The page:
Volume 11, Issue 42 (Autumn 2017)                   Iran J Med Law 2017, 11(42): 191-228 | Back to browse issues page

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Parvin M, Seyedin A. CRISPR-Cas9 Gene-Editing Technology from Intellectual Property and Biosafety Law Perspective. Iran J Med Law. 2017; 11 (42) :191-228
URL: http://ijmedicallaw.ir/article-1-774-en.html
1- Assistant Professor, Agricultural Biotechnology Research Institute of Iran (ABRII), Agricultural Research, Education and Extension Organization (AREEO), Karaj, Iran. (Corresponding author)
2- MA In Intellectual Property Law, Faculty of Law, Shahid Beheshti University, Tehran, Iran
Abstract:  
In recent years, inexpensive and fruitful gene editing techniques such as CRISPR-Cas9 and NaAgo have revolutionized the biotechnology industry. Genetically edited organisms, gene therapy, treatment of diseases such as AIDS and editing human cells are some of the marvelous applications of such technologies. Using such technologies in large scale or granting exclusive rights on their products or their application in living organisms might challenge biosafety regulations and patent system principles. The aim of the present article is to analyze the two crucial aspects of CRISPR-Cas9 through a comparative analytical study of the relevant international documents, the procedures of the competent authorities in EU, US and current Iran’s regulations. From biosafety point of view, the main question that we intend to respond is whether gene-edited products can be considered as GMOs or not? The response to this question considering both legal and technical aspects, will determine applicability of the biosafety regulations governing GMOs on the products resulted from CRISPR-Cas9. From intellectual property angle, we discuss the most important challenges with respect to patenting inventions based on CRISPR-Cas9 including inventive step, sufficiency of disclosure, ordre public and morality requirements. At the end, we conclude that trying to match "Gene-Editing Technology" with "Genetic Engineering" through different interpretations of the Cartagena biosafety protocol without considering the Article 31 of the Vienna Conventions on the Law of Treaties (VCLT) which offers clear guidance for the interpretation of treaties also without considering the technical nature of such technologies will have undesirable outcomes. Meanwhile, protecting the Gene Editing Technologies under patent system involves passing patentability requirements and CRISPR-Cas9 based inventions are not excluded from this rule. Therefore, what can be effective in development and appropriate regulating of such technologies from biosafety point of view, also in legal protection of these technologies is indeed development of doctrines.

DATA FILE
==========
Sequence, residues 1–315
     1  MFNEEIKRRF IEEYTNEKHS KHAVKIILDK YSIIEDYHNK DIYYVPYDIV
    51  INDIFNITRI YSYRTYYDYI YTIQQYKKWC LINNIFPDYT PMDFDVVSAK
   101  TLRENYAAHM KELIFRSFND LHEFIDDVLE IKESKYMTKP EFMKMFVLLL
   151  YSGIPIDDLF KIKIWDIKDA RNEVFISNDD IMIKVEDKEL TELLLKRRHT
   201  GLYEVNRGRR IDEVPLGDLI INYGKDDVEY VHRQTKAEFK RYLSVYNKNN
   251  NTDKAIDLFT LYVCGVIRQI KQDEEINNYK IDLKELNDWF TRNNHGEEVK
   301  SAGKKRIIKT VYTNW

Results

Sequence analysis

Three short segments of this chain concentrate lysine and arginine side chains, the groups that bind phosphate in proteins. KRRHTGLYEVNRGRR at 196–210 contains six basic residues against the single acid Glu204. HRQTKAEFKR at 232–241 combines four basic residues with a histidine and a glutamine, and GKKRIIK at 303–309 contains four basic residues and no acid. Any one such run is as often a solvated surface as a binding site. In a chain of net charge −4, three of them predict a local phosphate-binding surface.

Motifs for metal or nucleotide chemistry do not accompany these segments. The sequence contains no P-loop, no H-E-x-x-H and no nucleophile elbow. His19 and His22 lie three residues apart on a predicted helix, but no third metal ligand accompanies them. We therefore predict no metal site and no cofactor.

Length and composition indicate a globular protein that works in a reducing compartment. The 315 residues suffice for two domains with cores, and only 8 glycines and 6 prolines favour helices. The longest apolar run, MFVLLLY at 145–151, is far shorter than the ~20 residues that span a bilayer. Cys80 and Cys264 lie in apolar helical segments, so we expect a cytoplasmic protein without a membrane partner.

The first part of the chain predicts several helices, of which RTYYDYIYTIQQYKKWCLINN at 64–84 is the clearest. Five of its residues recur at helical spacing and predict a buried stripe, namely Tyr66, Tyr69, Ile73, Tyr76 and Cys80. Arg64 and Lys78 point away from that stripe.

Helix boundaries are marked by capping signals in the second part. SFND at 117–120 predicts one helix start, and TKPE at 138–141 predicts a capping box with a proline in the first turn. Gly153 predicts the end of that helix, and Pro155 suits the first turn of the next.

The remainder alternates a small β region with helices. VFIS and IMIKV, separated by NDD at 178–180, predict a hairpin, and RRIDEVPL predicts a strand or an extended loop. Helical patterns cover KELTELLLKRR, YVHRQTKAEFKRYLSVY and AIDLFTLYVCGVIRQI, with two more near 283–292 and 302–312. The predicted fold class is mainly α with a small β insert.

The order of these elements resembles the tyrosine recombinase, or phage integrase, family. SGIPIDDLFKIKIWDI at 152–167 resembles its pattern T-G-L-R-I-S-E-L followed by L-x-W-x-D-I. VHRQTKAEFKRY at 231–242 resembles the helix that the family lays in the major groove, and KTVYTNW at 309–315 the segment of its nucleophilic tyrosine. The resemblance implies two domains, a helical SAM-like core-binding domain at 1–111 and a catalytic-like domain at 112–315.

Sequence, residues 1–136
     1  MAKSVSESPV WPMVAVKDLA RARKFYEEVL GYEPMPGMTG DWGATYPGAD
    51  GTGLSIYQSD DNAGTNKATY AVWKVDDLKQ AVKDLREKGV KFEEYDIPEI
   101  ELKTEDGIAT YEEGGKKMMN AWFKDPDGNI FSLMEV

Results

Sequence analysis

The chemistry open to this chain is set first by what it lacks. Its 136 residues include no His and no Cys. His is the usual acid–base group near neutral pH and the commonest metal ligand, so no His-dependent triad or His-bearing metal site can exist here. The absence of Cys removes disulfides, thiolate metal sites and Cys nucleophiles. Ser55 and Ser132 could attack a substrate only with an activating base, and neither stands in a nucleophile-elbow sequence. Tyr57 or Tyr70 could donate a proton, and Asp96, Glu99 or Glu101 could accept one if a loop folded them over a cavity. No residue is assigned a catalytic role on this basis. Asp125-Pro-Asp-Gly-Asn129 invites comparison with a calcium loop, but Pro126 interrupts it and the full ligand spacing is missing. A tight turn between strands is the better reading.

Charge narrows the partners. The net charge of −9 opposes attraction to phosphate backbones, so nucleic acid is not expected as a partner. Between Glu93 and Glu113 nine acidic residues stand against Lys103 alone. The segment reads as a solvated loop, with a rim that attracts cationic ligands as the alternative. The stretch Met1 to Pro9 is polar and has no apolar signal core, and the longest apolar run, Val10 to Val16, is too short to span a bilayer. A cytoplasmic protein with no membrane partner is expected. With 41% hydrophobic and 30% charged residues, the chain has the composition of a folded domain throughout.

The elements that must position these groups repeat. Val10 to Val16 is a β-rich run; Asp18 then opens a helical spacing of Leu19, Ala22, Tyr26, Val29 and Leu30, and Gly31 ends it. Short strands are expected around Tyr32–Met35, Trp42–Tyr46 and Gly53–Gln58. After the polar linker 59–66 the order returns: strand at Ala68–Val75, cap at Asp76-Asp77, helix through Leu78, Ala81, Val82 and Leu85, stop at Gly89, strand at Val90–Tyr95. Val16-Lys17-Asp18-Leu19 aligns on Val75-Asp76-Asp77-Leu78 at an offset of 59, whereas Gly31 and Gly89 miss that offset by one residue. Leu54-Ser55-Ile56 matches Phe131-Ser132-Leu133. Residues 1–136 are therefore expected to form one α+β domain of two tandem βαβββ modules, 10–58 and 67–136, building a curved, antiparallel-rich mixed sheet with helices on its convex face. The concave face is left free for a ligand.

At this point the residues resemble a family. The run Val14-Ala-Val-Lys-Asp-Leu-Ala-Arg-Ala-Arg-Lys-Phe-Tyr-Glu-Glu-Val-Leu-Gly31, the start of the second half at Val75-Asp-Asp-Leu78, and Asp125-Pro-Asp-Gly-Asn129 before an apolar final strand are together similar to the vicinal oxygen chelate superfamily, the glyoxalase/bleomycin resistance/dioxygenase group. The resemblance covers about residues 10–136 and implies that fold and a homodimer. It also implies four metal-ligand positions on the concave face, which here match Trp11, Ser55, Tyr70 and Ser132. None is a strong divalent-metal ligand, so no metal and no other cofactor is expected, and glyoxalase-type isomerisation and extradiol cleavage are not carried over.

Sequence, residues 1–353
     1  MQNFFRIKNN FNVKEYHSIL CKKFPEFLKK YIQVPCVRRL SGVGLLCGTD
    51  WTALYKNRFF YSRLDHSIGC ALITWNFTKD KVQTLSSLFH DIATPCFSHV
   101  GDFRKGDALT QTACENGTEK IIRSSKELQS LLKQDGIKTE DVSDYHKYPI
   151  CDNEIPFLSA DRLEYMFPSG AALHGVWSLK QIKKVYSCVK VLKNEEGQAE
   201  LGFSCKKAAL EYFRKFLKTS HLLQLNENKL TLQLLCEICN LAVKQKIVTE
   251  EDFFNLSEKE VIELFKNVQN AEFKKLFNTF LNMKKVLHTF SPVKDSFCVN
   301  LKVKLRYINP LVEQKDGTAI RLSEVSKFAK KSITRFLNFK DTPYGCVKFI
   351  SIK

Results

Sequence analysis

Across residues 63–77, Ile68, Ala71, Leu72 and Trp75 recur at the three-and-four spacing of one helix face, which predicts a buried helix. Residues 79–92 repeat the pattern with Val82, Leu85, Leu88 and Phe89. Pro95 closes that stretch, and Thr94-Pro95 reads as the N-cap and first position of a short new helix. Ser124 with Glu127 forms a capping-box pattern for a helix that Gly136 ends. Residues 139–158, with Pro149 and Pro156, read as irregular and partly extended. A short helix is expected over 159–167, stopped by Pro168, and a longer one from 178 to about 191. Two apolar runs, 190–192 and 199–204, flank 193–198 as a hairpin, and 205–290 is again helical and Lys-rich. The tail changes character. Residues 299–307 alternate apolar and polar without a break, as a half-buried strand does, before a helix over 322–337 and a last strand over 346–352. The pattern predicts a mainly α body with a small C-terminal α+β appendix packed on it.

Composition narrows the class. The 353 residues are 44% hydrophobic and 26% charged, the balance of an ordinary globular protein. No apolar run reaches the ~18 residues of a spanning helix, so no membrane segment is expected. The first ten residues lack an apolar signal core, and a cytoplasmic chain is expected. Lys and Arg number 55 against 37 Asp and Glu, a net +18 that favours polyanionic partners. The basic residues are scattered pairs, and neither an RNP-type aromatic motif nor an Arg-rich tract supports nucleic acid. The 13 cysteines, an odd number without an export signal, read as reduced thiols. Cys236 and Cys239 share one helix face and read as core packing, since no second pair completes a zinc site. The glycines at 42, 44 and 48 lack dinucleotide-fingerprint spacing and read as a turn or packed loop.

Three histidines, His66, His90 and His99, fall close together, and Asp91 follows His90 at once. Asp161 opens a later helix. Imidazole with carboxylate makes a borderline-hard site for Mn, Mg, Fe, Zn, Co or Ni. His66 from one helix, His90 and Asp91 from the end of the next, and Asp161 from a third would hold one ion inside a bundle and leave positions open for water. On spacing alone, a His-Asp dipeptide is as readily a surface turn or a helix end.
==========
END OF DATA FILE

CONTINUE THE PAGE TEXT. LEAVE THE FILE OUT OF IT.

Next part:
Please cite this article as: Parvin MR, Seyedin A. CRISPR-Cas9 Gene-Editing Technology from Intellectual Property and Biosafety Law Perspective. Iran J Med Law 2017; 11(42): 191-228.
 
Type of Study: Original Article |
Received: 2017/04/3 | Accepted: 2017/08/23

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